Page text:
Tumor growth was clearly reduced in animals receiving the highest concentration of AA (1000 mg/kg/d) when compared to the placebo group (Fig. 5a, b). All of the seven grafted mice in the 1000 mg/kg/d group were alive at the end of 1 month (Fig. 5c). On the contrary, tumor growth was not affected in the 15 mg/kg/d group (Fig. 5 b). Moreover, only three of the seven grafted mice were still alive at the end of the assay the others having died abruptly during the experiment (Fig. 5c). An intermediate situation was observed in animal treated with 100 mg/kg/d (Fig. 5b and c). A summary is presented in Table S4. The exact cause of death in animal cohorts treated either with the lower AA concentration or placebo is not easy to define. However, autopsies of animals sacrificed after 30 days or from spontaneous dead animals, revealed a massive metastatic spread with peritoneal (Fig. S2a and S2b) as well as peri hepatic carcinosis (Fig. S2c). Therefore, we propose that spontaneous death of animals that have not been treated with the highest dose of AA is due to a highly invasive carcinogenic process that is not observed in animals treated with 1000 mg/days. This suggests that AA could also protect from metastatic invasion, although this hypothesis should be confirmed in further experiments.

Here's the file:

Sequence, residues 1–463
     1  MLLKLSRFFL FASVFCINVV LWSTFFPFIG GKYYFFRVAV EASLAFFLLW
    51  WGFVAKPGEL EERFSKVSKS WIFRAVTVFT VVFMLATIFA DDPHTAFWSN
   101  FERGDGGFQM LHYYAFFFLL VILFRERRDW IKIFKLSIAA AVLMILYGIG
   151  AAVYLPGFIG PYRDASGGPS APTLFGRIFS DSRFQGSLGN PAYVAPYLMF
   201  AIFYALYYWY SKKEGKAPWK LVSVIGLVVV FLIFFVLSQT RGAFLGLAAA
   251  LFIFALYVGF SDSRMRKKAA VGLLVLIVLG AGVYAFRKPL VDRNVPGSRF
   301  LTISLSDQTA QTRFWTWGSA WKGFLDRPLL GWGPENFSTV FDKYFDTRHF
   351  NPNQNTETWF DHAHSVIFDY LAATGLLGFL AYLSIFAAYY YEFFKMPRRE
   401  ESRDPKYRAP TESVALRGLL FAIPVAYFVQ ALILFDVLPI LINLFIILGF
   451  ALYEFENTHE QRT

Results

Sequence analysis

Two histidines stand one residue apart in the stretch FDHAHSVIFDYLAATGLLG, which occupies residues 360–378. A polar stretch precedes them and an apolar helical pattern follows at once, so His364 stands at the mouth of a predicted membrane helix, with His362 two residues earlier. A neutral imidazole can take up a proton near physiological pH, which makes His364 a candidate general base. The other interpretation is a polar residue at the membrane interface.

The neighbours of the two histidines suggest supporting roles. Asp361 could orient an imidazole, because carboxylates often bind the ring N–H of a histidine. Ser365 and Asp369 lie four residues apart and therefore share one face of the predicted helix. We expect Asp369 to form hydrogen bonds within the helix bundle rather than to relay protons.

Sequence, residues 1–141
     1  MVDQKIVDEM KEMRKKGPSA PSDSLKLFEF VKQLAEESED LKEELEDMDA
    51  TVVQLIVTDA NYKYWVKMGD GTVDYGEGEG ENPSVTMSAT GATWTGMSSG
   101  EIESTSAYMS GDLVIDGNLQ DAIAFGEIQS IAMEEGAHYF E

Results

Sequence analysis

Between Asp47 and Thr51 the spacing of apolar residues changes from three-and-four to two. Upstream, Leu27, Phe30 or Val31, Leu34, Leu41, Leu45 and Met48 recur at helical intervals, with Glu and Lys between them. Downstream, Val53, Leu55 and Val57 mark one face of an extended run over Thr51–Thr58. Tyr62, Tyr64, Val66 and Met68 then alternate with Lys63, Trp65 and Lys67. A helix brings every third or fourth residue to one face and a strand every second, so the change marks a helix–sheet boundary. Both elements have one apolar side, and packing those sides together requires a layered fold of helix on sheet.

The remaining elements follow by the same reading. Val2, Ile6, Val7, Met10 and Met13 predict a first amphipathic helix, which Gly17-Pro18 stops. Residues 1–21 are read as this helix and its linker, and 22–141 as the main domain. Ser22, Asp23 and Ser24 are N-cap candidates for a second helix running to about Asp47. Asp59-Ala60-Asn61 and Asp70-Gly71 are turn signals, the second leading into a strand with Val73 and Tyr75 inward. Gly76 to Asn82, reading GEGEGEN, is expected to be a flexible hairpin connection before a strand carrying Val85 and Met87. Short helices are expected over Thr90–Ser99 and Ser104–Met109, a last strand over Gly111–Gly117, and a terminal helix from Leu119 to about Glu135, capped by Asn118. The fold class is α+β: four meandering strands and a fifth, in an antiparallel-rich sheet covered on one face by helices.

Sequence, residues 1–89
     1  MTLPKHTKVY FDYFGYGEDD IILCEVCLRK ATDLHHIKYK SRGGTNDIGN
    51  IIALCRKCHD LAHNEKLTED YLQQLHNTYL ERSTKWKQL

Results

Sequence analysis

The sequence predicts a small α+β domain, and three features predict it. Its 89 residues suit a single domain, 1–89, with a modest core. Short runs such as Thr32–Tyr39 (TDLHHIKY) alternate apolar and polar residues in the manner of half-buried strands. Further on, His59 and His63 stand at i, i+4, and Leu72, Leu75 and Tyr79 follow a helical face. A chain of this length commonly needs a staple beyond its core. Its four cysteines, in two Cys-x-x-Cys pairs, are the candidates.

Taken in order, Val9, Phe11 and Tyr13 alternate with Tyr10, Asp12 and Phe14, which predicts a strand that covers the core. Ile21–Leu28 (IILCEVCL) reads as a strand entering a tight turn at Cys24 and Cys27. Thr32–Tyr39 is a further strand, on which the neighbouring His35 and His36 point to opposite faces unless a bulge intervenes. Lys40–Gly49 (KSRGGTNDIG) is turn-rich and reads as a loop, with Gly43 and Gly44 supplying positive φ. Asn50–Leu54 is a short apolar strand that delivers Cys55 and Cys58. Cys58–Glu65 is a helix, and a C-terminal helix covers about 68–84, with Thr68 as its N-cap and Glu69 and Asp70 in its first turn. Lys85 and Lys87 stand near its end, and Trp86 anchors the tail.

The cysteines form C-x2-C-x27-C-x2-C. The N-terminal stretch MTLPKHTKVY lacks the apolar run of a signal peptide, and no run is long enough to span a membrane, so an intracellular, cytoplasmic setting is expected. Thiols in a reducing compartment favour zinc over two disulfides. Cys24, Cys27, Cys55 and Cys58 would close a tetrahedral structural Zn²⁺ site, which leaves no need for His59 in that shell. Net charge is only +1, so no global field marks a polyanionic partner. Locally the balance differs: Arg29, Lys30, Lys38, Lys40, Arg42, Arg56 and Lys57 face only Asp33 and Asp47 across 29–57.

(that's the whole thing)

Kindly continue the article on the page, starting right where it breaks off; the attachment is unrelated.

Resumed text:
At the end of the treatment period, total RNAs were extracted after tumor dissection, and subjected to RT-qPCR to evaluate the deregulation of the gene expression. Consistently with the data obtained in vitro, tRNA synthetase and translation initiation factor subunits genes were under expressed in grafted tumors after AA treatment, in a dose-dependent manner (Fig. 5d). Hence we demonstrated that AA inhibits the expression of the same genes in vitro as well as in vivo.

Discussion

Ascorbic acid is most well known as Vitamin C, the nutritional supplement essential for preventing scurvy. The recommended daily dose has varied over time, but it is presently about 75 to 90 mg/day. However, several authors, Linus Pauling among them, have suggested that higher daily doses might prevent cancer [12]. This has been a hotly debated topic in the scientific community. Although several papers have described the effect of AA on cell proliferation [13]-[15], the antiproliferative effects were always ascribed to the antioxidant properties of AA [13].